Bigger. Better. Badass.
By now you know what to expect from Mission: Impossible movies. Daredevil action scenes. Breakneck speeds. Cunning espionage. Inventive direction. Top production quality. Spot-on performances.
Mission: Impossible — Fallen doesn’t reinvent the wheel. It just ups the ante, intensifies all the elements and makes everything look bigger—like you’re looking at life through a microscope. And that closeup perspective gets blown out of proportion if you watch this 2h 27 min action/adventure/thriller in an IMAX theater. Do that and you’ll need to chug a bottle of Dramamine.
Tom Cruise is wise to stick to this franchise. He’s had dubious success in other recent ventures (The Mummy, American Made). MI is his security blanket. He shines in them. He likes to perform outlandish action stunts that would make extreme sports athletes piss their pants. He’s equally deft at displaying that humble but dare-me air that is so integral to his covert operative persona.
Ethan Hunt (Cruise) is on the outs with the head of the CIA, Erica Sloan (Angela Bassett). Hunt and his IMF (Impossible Missions Force) crew, Luther (Ving Rhames) and Benji (Simon Pegg), have fumbled a very important task: Retrieve nuke devices and save the world. He’s out to control the damage, save his rep and do the right thing. It won’t be easy.
Sloan has taken a tough stance, she slams the famous agent and enlists a new operative, August Walker (Henry Cavill, aka Superman). “This is the CIA’s mission,” she says furiously. “If he had held on to the plutonium, we wouldn’t be having this conversation.” Sloan sends Walker as an emissary on Hunt’s new quest. Ethan doesn’t trust the dude. He shouldn’t.
The plot by writer/director Christopher McQuarrie (Mission: Impossible – Rogue Nation) uses elements from former MIs, yet this script is also a self-contained entity. It takes its participants to Paris, London and Kashmir among other places. The exquisite locales, from bustling cities to picturesque mountain ranges, provide a varied playground for car chases, helicopter battles, perilous parachute jumps, rock climbing, fist fights and shootouts. Then there’s the occasional smooch on the lips by strikingly beautiful women (Rebecca Ferguson as an MI6 assassin, and a former wife played by Michelle Monaghan) and femme fatales (Vanessa Kirby as the arms dealer White Widow).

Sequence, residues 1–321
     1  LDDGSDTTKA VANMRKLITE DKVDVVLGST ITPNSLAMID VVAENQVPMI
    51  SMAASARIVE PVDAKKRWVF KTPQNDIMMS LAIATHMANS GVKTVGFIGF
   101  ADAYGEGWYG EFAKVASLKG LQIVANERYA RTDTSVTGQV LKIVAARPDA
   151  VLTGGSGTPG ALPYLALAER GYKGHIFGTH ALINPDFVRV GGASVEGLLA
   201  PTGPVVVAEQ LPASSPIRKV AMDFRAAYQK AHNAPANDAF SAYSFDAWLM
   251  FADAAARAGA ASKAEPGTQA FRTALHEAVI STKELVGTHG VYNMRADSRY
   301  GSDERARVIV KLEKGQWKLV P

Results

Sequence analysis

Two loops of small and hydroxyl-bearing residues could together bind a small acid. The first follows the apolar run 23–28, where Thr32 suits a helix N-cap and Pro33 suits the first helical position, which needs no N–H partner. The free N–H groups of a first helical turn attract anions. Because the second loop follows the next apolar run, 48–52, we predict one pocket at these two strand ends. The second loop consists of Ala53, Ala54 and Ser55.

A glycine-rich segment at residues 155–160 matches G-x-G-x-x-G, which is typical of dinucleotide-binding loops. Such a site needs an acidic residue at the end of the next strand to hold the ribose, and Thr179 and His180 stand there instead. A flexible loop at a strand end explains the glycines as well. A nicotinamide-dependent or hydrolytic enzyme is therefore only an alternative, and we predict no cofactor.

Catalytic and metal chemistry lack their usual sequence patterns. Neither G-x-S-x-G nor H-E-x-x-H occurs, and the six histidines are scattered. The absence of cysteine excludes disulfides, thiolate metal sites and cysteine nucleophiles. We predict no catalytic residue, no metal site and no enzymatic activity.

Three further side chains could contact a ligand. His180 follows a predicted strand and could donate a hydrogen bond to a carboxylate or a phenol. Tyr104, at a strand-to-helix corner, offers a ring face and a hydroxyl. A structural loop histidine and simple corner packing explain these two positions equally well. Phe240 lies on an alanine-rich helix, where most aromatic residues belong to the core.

McQuarrie’s action scenes rival the best ever created, choreographed and rendered in any action film including the entire James Bond series. Yes, he has Cruise as a formidable muse, but someone has to think up this crazy stuff: A three-way fight in a white-marble toilet stall; less green-screen magic and more real stunts; setting trap after trap and letting the IMF execute daring escapes.
Once the film ends, the storyline, intriguing as it is, will not be what you remember. Instead you will never forget the innovative stunts that are strung together with uncanny precision (editor Eddie Hamilton, MI – Rogue Nation, Kingsman: The Secret Service), intensified by a blaring emotionally-charged bass/violin-driven musical sound track (composer Lorne Balfe, Pacific Rim: Uprising) and enhanced by picture-perfect photography (cinematographer Rob Hardy, Ex Machina) that prefers attention-grabbing, you-are-there closeup shots.
It’s refreshing to see Angela Bassett in a role that is equal to her ferocious power. It’s surprising to watch Cavill, who is so innocent in the Superman series, play against type and behave like a real dick. Juggling their comic lines with real states of fear and courage makes Pegg and Rhames the quintessential sidekicks. The entire supporting cast, including Sean Harris (Prometheus) as a diabolical mass murderer who is out to kill everyone Hunt loves, defers to Cruise and a character he has made indelible.Whatever he was paid to resurrect Ethan Hunt for the 6th MI was not enough. He’s the series lifeblood. Even at age 56, he can dodge a bullet with the best of ‘em.
How they hell will they up the ante even more for Mission: Impossible 7?
You won’t know until the next one falls from the sky.
Visit NNPA News Wire Film Critic Dwight Brown at DwightBrownInk.comand BlackPressUSA.com.